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Focus on: sensory scarves


I don’t know about you, but I always find it hard coming up with play ideas for our humble coloured sensory scarf. And with lockdown seeming to ease off just as we head into the summer holidays, we're all running out of ideas FAST. With Joey, who recently turned 2, we’ve done the whole hiding things under it, hiding our faces from him and the classic peekaboo... so it feels like the scarf is a little boring or repetitive. To put it bluntly... it's not one of the sensory toys we reach for most now.


When we had a play the other day with Daddy, Joey showed us that even though WE may get bored of those games, kiddies certainly do not! In fact this was one of the first times we’ve played with Joey and he was asking for ‘Joey’s turn’ or ‘Mummy’s turn’ etc. He absolutely loved playing peekaboo with us and his new little brother. He kept shouting ‘fun!’ Which we’ve learnt means we have to keep going, otherwise it’s tantrum time 😅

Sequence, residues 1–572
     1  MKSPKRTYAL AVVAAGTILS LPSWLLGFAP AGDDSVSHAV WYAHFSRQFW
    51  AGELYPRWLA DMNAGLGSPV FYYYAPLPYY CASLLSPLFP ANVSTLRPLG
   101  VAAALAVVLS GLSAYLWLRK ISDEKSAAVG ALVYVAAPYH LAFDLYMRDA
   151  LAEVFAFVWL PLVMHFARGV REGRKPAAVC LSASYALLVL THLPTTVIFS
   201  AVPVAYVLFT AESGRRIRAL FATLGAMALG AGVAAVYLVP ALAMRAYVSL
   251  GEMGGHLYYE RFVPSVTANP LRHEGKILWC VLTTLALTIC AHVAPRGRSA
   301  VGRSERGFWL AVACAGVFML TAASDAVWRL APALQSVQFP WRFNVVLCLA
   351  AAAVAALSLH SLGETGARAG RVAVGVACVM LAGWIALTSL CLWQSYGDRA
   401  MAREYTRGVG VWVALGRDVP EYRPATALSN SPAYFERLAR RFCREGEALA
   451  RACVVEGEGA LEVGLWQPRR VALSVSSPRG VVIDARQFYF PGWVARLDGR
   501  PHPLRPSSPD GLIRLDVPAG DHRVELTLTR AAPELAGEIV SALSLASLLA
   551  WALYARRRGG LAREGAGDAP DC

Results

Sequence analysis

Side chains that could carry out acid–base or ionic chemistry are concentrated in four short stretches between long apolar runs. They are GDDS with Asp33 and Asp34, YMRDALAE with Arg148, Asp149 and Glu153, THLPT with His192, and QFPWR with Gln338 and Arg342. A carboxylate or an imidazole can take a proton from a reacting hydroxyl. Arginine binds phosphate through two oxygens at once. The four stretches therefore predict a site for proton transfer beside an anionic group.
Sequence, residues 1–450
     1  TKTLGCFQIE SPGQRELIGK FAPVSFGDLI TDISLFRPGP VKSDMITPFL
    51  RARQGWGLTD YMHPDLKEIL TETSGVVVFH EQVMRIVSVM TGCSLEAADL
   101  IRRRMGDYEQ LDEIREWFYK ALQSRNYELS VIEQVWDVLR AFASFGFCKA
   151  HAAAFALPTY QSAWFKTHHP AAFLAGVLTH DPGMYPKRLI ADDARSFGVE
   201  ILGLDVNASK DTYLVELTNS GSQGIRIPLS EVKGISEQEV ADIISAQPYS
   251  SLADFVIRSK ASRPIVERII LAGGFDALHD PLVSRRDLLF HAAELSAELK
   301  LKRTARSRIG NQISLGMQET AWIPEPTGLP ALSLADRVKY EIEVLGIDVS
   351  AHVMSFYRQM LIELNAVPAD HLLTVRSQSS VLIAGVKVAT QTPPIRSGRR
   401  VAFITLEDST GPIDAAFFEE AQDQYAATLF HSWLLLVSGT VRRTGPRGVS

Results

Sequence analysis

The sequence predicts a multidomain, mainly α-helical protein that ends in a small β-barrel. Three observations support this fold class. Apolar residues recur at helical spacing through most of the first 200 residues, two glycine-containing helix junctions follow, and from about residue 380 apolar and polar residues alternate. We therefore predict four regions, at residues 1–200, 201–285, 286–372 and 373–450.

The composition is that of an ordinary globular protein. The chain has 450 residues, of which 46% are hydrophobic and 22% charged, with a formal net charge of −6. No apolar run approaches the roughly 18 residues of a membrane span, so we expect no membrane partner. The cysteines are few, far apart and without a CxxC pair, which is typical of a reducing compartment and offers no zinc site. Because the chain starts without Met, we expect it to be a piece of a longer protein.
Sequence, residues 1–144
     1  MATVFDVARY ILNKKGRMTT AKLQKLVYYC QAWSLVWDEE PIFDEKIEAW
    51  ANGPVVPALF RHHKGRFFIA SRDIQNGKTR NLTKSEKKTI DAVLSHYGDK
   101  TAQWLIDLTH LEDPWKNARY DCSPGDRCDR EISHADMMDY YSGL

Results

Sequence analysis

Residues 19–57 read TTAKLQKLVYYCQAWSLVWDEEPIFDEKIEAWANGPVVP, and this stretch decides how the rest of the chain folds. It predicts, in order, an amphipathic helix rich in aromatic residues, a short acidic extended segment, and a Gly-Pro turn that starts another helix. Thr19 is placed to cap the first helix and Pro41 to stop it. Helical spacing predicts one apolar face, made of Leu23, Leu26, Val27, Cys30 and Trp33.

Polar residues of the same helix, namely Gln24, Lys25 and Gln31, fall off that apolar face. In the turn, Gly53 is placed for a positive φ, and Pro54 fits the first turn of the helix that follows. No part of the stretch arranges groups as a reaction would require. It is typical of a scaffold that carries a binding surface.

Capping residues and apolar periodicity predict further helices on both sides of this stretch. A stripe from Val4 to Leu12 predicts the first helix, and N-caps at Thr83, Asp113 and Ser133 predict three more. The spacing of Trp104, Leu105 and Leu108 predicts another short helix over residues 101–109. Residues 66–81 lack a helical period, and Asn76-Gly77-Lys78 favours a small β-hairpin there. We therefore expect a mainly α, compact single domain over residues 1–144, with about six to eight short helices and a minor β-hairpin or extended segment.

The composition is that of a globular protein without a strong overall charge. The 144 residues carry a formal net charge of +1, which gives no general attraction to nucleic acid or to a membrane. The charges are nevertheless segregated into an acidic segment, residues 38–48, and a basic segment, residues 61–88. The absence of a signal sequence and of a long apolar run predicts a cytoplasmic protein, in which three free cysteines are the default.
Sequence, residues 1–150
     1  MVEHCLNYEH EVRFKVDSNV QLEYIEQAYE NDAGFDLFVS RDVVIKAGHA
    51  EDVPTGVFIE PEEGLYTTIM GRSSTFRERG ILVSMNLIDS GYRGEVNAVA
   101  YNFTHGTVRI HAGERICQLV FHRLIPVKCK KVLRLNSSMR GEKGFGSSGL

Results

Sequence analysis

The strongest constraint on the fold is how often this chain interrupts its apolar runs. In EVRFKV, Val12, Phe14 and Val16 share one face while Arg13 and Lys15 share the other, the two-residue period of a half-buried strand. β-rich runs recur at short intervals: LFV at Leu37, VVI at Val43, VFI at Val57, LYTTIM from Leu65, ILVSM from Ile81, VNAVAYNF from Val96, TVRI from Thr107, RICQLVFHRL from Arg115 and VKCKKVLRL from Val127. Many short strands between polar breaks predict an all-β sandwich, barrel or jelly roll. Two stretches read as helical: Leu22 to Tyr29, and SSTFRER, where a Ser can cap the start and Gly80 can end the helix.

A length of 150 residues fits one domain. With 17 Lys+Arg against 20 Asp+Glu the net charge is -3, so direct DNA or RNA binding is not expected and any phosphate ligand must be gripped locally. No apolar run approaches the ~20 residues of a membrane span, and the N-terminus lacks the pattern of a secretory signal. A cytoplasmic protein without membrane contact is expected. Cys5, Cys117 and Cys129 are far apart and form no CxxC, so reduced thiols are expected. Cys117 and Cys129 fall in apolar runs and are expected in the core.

It’s been amazing to see how Joey plays with toys now versus when he was Zack’s age (11 weeks old), and before we could only do that with photos and videos. But now we’ve got Zack playing alongside Joey it’s absolutely brilliant. And Joey gets to join in!


So whilst Joey uses the scarf to do his own game of peekaboo with us, Zack relies on us doing it for him, and we decided to brush the scarf over his face whilst he lay on our knees. We found that he really enjoyed that but I’m assuming some babies won’t. His reaction was much like his reaction when water gets poured over his head in the bath - a look of bemusement and a smile to tell us to do it again!




Some ideas to try with your sensory scarf:

  • Sing along to 'heads, shoulders, knees and toes' with the scarf balled up in your hand and touching each body part of your little one - get bigger ones to do this themselves!

  • Hide other toys underneath scarves and reveal the items once your baby seems interested. For bigger ones, ask them to say what they think is underneath.

  • Thread the scarf through holes in an item such as an OBall, or a simple cardboard box and encourage your baby to reach out for it. When they are older, try getting them to thread the scarf through themselves.

  • If you have multiple scarves, combine them and move them from side to side in front of your baby to the beat of a song. For older ones, ask them to hold one in each hand and move them to the beat of the song (The Grand Old Duke of York is a great song for this!)


Lauren, Joey & Zack x


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